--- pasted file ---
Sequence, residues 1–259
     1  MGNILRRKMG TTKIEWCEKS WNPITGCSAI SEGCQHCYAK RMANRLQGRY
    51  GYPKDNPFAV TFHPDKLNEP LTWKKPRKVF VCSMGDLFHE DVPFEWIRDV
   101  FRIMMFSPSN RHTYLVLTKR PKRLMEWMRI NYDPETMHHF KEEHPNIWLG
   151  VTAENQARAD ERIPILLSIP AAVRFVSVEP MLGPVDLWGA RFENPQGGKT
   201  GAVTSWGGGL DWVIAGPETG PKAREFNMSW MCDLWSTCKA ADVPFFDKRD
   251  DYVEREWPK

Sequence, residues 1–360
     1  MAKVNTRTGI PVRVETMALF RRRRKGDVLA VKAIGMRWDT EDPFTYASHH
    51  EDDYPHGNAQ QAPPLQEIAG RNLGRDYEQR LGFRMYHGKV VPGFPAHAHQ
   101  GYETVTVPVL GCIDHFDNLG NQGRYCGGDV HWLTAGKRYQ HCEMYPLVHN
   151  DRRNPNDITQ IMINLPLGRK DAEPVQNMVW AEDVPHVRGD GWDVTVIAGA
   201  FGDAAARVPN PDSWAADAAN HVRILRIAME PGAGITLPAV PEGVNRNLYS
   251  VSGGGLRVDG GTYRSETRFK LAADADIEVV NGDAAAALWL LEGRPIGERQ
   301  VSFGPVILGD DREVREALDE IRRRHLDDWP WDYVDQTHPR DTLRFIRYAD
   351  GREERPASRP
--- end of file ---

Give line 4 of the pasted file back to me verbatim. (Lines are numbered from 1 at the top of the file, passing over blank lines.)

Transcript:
   101  FRIMMFSPSN RHTYLVLTKR PKRLMEWMRI NYDPETMHHF KEEHPNIWLG